April 3, 2012 by David K. Sutton
Neil deGrasse Tyson: ‘We Can Survive Killer Asteroids’
First I would like to say that Neil deGrasse Tyson is one of the best spokespersons this country has for science and science education. He is an astrophysicist and he is passionate about his chosen field of study and work. He is also a highly entertaining orator.
Tyson writes in a column for Wired about a need for an early warning system for asteroid threats and to develop a plan for how to avoid collisions with Earth. The real word solutions will likely deviate from what was depicted in the 1998 action movie ‘Armageddon‘. And besides, Bruce Willis is currently shooting Die Hard 13: Only The Good Die Hard, and Steve Buscemi is busy in his role as historical consultant to the Republican National Committee on issues such as gun rights and liquor laws.
More than a thousand known asteroids are classed as “potentially hazardous,” based on size and trajectory. Currently, it looks doable to develop an early-warning and defense system that could protect the human species from impactors larger than a kilometer wide. Smaller ones, which reflect much less light and are therefore much harder to detect at great distances, carry enough energy to incinerate entire nations, but they don’t put the human species at risk of extinction.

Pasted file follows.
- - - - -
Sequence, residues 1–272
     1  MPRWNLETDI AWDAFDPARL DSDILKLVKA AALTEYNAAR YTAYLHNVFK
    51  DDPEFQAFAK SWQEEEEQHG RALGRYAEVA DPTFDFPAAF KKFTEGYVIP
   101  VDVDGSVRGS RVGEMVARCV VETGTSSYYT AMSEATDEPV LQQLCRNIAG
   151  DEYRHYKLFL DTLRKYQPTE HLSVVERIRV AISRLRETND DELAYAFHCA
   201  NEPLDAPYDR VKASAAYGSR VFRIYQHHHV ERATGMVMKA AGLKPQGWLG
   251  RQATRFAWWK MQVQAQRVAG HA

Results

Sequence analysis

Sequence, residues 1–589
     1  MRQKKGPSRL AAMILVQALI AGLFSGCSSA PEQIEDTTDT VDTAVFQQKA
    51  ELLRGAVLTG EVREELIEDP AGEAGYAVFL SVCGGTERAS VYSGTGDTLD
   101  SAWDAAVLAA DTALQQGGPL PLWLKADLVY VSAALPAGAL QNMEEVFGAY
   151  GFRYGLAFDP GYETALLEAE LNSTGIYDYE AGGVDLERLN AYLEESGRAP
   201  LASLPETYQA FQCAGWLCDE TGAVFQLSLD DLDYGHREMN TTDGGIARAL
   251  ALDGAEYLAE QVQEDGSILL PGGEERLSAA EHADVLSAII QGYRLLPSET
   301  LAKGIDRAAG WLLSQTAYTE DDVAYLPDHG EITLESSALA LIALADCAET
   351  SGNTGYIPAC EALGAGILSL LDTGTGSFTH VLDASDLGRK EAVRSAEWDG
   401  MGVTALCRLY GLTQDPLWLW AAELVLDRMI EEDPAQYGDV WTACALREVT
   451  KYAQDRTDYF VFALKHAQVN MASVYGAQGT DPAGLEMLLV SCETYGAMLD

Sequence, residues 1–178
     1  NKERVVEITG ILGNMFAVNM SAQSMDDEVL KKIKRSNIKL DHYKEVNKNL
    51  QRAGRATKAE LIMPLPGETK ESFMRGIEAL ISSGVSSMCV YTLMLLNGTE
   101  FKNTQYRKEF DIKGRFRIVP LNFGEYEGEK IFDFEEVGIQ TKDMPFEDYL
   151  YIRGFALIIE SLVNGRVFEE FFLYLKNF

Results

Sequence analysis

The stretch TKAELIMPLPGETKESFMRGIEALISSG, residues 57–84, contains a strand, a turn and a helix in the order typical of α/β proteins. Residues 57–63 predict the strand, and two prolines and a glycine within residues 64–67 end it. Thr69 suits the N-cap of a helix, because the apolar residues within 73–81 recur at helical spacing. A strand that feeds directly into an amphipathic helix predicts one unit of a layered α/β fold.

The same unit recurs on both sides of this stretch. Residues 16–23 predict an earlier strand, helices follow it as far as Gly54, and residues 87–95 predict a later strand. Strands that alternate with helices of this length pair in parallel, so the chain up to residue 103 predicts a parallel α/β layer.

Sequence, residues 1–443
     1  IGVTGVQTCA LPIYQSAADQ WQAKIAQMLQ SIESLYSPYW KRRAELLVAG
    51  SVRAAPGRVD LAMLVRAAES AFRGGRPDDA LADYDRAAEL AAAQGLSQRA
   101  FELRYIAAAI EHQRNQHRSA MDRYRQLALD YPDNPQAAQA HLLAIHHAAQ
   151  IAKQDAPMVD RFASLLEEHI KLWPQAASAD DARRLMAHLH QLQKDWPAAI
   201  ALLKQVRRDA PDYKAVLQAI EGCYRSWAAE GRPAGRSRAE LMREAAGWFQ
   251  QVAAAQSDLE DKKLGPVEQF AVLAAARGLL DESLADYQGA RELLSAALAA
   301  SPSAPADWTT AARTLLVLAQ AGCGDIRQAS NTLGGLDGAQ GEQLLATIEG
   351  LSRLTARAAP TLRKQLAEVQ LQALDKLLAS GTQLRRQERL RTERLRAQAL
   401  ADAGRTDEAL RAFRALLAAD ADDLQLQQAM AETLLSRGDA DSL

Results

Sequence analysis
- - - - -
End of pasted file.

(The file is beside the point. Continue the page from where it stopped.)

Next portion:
One killer asteroid we’ve been monitoring is Apophis, which is large enough to fill the Rose Bowl. On Friday the 13th, April 2029, it will dip below the altitude of our communication satellites. If its trajectory on that day passes within a narrow range of altitudes called the “keyhole,” then the influence of Earth’s gravity on its orbit will guarantee that seven years later, in 2036, on its next trip around the Sun, the asteroid will hit Earth directly, likely slamming into the Pacific Ocean. The tsunami it creates will devastate all the coastlines of the Pacific Rim. If Apophis misses the keyhole in 2029, we’ll have nothing to worry about in 2036.
So I wouldn’t make any firm commitments for the year 2036 just yet.